Autocorrelation and masked heterogeneity in panel data models estimated by maximum likelihood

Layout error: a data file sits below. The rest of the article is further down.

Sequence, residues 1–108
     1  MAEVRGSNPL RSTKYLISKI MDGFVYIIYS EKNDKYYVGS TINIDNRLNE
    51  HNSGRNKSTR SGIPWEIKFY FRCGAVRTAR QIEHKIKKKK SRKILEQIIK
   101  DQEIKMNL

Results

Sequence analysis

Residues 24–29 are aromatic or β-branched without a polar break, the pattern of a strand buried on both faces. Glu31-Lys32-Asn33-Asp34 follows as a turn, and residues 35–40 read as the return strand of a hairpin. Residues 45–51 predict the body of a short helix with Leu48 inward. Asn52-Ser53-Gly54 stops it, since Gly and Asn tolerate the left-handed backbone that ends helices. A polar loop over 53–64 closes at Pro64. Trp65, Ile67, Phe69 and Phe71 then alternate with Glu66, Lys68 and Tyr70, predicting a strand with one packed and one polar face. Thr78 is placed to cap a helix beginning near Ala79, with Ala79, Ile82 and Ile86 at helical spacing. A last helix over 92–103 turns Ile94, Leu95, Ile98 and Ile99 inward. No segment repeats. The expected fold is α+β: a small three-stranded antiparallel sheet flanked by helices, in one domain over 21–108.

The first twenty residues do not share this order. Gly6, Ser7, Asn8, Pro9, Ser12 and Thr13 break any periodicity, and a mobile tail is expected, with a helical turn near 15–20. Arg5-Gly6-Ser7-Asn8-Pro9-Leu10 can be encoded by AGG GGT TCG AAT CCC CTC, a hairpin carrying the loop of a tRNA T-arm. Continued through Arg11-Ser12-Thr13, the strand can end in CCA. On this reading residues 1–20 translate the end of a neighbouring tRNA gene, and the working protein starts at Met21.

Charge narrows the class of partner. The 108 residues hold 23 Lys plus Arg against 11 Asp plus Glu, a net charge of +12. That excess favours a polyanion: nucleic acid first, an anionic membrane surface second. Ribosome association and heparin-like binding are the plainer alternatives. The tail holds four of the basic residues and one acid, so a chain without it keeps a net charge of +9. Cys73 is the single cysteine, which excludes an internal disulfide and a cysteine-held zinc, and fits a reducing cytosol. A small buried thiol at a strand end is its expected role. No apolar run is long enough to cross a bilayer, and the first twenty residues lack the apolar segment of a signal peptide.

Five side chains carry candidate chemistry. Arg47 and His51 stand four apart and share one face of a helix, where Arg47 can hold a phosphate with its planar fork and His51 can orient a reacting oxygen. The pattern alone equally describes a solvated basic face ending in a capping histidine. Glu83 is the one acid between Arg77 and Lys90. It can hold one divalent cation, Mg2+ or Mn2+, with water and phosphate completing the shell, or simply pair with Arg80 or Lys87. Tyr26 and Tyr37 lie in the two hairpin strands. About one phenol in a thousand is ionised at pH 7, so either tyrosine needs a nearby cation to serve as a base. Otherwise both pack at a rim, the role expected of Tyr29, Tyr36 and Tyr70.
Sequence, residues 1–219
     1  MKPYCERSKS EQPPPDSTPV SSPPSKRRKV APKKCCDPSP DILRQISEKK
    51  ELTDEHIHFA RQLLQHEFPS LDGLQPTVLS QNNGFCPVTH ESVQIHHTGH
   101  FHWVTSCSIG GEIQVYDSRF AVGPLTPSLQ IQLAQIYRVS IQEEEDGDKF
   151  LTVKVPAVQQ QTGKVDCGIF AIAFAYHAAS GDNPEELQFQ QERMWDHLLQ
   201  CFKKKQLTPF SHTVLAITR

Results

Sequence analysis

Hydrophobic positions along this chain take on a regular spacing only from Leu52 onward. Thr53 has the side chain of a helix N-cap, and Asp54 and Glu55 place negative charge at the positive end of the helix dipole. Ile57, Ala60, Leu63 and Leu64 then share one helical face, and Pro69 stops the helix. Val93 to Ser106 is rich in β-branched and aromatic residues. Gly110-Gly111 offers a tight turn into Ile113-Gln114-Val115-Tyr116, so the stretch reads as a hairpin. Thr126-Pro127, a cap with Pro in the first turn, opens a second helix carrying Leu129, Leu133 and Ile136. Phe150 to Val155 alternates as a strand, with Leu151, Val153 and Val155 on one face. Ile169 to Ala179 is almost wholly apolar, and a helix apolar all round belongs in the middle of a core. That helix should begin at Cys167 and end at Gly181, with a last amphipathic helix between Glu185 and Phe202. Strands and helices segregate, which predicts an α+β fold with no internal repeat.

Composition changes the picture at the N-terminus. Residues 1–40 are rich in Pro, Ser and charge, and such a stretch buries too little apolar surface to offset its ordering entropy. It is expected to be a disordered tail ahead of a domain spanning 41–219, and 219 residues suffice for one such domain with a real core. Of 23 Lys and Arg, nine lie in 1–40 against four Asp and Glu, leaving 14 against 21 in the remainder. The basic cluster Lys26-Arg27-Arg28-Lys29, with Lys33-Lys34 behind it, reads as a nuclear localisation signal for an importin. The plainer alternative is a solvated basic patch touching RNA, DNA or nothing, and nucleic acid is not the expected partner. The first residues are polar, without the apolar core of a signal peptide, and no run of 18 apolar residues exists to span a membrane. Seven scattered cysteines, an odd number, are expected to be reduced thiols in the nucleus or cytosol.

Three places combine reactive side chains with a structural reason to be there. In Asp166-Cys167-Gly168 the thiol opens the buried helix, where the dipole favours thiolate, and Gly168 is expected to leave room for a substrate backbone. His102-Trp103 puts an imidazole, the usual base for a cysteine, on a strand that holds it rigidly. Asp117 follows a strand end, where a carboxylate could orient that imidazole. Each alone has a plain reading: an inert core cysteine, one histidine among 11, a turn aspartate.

In a panel data model with random effects, when autocorrelation in the error is considered, (Gaussian) maximum likelihood estimation produces a dramatically large number of corner solutions: the variance of the random effect appears (incorrectly) to be zero, and a larger autocorrelation is (incorrectly) assigned to the idiosyncratic component. Thus heterogeneity could (incorrectly) be lost in applications to panel data with customarily available time dimension, even in a correctly specified model. The problem occurs in linear as well as nonlinear models. This paper aims at pointing out how serious this problem can be (largely neglected by the panel data literature). A set of Monte Carlo experiments is conducted to highlight its relevance, and we explain this unpleasant effect showing that, along a direction, the expected log-likelihood is nearly flat. We also provide two examples of applications with corner solutions.
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